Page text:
Society’s requirements for k-12 confront higher education

Barry Munitz, Rosemary Papalewis

Research output: Chapter in Book/Report/Conference proceedingChapter

Abstract

For the first time in American higher education dramatic metamorphosis must occur without incremental resources or broad public support, and with the major potential competitors not being other academic institutions. The fundamental transformation may be inevitable, but it is not clear where it will lead, and there is no consistent vision about how higher education ought to look as a result. Without such an overview of the future to structure and insulate a planning process, there can be greater risks than potential rewards to institutional leaders who try to use planning to leverage change, even for those who value the process more than the product. Without the ability to tackle the unknown, planning becomes a technical process of perpetuating past techniques onto future scenarios. To enter an even more treacherous arena, like the reform of K-12 education, is to invite disaster and depression-but society, led by our traditional academic institution, has no choice (Ehrlich, Munitz and Wellman, in press).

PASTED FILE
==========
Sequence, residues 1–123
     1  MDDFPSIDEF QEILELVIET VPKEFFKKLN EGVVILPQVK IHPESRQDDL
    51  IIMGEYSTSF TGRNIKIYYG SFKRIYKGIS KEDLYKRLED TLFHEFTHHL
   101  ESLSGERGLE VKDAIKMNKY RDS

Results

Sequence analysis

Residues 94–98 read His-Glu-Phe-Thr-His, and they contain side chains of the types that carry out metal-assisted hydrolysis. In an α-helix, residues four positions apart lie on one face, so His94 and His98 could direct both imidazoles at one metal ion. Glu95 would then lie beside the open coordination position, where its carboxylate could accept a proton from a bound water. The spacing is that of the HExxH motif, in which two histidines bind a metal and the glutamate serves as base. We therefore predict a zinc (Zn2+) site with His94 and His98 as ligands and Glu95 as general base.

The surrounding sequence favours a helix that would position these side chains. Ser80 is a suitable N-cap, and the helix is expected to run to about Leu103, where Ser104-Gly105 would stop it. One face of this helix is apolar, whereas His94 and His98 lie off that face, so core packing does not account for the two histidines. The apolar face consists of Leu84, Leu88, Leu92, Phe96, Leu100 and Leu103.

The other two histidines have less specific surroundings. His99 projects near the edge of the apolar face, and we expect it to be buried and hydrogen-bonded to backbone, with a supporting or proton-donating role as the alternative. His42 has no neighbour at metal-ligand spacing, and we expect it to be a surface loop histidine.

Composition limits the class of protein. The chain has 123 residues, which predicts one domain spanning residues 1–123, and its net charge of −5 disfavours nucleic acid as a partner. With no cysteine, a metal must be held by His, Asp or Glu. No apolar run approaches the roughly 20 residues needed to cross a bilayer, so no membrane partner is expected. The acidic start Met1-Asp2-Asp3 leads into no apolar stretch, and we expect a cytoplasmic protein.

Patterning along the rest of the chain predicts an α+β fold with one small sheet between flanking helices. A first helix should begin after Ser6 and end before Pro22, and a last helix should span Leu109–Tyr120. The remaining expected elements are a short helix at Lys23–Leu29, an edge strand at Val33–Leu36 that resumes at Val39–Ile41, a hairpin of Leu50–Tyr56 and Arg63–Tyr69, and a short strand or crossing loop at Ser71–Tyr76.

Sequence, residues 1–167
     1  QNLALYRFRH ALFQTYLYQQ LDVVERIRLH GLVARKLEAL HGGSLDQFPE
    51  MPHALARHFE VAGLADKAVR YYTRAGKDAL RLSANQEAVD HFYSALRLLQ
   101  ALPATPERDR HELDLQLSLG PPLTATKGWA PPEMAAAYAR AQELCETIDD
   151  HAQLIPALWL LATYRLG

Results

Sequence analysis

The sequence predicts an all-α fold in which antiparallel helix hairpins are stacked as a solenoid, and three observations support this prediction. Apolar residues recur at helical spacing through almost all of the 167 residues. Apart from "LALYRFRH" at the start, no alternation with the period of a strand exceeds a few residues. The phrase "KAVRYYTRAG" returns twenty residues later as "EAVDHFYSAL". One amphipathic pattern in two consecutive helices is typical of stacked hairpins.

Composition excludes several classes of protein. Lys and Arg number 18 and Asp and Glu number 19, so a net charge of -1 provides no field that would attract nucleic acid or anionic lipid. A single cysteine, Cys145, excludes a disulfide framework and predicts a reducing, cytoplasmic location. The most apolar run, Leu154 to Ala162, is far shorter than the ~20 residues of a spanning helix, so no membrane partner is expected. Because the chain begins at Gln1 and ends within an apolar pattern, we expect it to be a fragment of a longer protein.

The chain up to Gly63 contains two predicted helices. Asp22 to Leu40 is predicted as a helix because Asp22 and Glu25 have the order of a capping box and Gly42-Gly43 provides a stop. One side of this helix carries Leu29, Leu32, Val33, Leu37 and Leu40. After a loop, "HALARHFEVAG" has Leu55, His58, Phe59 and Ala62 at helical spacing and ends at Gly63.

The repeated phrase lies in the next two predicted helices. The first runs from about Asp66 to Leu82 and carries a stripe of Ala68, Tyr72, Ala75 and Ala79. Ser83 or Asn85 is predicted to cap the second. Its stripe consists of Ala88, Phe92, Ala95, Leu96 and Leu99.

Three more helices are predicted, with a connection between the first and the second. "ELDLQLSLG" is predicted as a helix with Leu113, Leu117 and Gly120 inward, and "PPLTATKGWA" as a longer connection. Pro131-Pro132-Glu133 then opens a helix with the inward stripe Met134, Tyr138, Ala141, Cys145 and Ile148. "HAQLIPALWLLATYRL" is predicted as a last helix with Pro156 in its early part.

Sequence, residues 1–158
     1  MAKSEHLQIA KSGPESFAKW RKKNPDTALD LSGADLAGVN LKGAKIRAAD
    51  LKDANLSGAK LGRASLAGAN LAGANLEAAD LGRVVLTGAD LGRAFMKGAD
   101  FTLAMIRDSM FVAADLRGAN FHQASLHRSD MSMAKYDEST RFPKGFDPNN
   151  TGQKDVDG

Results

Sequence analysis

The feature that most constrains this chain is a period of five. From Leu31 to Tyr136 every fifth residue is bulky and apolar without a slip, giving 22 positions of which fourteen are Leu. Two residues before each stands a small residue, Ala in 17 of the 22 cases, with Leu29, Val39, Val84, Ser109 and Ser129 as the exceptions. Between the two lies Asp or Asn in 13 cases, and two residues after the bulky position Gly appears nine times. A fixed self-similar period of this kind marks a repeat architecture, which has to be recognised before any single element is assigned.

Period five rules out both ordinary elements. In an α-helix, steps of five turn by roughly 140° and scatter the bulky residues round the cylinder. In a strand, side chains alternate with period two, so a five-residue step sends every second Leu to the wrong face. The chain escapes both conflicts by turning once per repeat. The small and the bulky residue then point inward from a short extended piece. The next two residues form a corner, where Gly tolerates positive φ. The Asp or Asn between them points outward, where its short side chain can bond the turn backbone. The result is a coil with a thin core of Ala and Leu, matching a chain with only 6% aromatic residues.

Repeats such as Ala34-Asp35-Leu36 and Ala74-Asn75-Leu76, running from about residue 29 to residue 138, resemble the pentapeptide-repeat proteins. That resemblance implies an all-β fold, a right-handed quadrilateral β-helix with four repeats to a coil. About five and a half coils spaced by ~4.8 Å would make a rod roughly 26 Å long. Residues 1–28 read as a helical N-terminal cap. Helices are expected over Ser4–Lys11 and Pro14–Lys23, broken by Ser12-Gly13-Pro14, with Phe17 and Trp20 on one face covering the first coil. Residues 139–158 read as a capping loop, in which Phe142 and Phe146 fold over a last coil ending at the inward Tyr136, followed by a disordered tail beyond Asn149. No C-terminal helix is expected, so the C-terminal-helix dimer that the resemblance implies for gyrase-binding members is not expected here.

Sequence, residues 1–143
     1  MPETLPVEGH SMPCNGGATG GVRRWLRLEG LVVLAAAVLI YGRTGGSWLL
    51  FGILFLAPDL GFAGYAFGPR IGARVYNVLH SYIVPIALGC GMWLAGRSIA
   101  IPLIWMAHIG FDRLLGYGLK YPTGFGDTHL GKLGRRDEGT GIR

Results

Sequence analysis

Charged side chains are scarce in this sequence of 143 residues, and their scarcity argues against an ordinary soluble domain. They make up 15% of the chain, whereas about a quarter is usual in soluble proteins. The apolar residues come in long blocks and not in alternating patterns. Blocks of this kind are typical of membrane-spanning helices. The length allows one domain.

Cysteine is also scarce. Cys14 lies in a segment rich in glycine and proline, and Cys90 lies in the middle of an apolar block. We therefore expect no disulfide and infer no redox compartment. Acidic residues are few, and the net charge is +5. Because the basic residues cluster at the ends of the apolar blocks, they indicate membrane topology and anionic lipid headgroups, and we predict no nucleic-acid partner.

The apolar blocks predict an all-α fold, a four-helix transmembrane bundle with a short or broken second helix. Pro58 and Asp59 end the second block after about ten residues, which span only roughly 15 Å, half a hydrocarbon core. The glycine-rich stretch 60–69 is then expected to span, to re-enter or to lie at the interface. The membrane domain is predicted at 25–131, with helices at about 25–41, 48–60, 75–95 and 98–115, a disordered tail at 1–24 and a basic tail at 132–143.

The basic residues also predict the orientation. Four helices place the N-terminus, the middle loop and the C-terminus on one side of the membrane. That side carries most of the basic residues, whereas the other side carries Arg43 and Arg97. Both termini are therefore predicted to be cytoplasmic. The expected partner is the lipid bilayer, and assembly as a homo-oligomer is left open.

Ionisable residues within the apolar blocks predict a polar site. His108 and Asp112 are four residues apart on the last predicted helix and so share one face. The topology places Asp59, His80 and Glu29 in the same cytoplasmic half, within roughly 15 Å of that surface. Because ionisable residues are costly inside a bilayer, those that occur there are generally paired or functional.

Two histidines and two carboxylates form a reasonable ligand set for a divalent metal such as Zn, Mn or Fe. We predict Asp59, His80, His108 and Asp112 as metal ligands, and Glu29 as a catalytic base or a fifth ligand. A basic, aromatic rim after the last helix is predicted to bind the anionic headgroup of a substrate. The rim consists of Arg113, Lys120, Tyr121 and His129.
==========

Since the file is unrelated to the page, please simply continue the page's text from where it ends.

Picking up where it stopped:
Original languageEnglish (US)
Title of host publicationThe Role of the University in the Preparation of Teachers.
PublisherTaylor and Francis
Pages104-124
Number of pages21
ISBN (Electronic)0203982061, 9781135707583
ISBN (Print)0750708824, 9780750708838
DOIs
StatePublished - Jan 1 2005

ASJC Scopus subject areas

  • Social Sciences(all)

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